Albert Einstein was extremely generous about world opinion in general, and the American people in particular, when he said in a 1921 interview:
It is a welcome symptom in an age which is commonly denounced as materialistic, that it makes heroes of men whose goals lie wholly in the intellectual and moral sphere. This proves that knowledge and justice are ranked above wealth and power by a large section of the human race. My experience teaches me that this idealistic outlook is particularly prevalent in America, which is decried as a singularly materialistic country. (Ideas and Opinions by Albert Einstein, page 4)
How interesting that in the face of rising European Fascism, with its political motivations, Einstein persisted with such an optimistic viewpoint about humanity. I wonder, however, what he would say about the state of human affairs some 85 years later, in light of technological advances, which have created a world of virtual anythings that have insulated us from actual experience and insolated us from each other.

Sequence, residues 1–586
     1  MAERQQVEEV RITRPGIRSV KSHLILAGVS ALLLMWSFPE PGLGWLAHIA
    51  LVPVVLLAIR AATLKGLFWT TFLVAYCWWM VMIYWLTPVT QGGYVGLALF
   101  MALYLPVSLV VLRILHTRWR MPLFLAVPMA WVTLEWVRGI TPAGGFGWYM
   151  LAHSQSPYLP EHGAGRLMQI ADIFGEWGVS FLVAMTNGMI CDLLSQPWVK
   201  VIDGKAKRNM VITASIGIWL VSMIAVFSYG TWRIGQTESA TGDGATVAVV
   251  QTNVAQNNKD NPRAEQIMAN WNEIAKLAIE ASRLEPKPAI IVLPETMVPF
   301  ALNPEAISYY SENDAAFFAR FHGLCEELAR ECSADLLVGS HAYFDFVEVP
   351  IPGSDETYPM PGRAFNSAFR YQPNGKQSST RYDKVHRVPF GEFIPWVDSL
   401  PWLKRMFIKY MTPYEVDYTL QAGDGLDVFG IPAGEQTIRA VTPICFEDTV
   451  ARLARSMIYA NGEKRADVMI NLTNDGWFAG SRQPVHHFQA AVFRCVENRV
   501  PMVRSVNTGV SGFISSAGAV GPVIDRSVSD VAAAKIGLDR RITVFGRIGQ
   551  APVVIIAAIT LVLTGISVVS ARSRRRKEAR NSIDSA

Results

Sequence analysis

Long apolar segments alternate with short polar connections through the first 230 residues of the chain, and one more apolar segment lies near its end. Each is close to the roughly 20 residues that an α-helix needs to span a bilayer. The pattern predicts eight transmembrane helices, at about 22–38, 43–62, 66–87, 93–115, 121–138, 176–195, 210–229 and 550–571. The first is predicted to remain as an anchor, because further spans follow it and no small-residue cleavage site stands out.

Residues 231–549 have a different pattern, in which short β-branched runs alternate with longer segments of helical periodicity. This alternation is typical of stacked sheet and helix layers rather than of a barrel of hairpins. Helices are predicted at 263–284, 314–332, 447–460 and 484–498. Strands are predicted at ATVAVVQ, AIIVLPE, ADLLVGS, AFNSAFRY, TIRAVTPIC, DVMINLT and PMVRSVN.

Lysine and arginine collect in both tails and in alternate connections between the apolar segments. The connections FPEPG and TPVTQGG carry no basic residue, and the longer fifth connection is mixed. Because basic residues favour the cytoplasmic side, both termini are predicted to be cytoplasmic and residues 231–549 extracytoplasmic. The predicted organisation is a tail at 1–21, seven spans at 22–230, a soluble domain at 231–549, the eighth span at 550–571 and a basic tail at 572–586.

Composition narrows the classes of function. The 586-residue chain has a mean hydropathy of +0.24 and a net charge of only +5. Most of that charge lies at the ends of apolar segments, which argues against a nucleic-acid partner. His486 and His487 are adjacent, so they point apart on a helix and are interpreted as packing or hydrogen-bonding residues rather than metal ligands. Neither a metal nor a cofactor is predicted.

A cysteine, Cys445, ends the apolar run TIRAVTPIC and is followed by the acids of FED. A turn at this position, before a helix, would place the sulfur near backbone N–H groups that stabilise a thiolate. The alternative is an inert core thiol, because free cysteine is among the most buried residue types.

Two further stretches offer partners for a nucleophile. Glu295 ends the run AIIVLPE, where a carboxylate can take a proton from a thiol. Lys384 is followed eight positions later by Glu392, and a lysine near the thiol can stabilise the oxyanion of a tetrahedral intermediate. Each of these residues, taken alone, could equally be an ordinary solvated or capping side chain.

As a corporate trainer, I have had the privilege of discussing what our society most values with an impressive range of well-educated people from around the world and from diverse professional disciplines. I think the consensus is that Einstein would retract his statement today. As a society, do we prize intellectual and moral achievement over financial and political gain? If the newspapers we read accurately reflect what we value, then go no further than the entertainment, fashion, sports, society, stock, and scandal pages (did I leave out anything but the funnies?) to see what matters most to us. We are inundated with an information overload that gives us scarce time to reflect on the data’s value. In a sense, the lightning speed at which the information passes through our lives from the levels of high urgency to instant oblivion has become like a drug that devalues human interaction. Today, I’m sure Einstein would say, “Forget what the media and technology tell you is wisdom and find wisdom for yourselves.”
I usually recommend to participants of my writing seminars that they read inside their field to maintain their subject-matter expertise and outside their field to cultivate their knowledge of ideas and their command of language. Yet many people unabashedly confess that they do not read much. My response never varies: “You cannot become a good writer without becoming a good reader, and you become a good reader by reading regularly and eclectically.”
Here’s my advice for whoever is reading this note: To become a better writer, keep reading like a writer: read, reflect, respond (in writing, of course), repeat.
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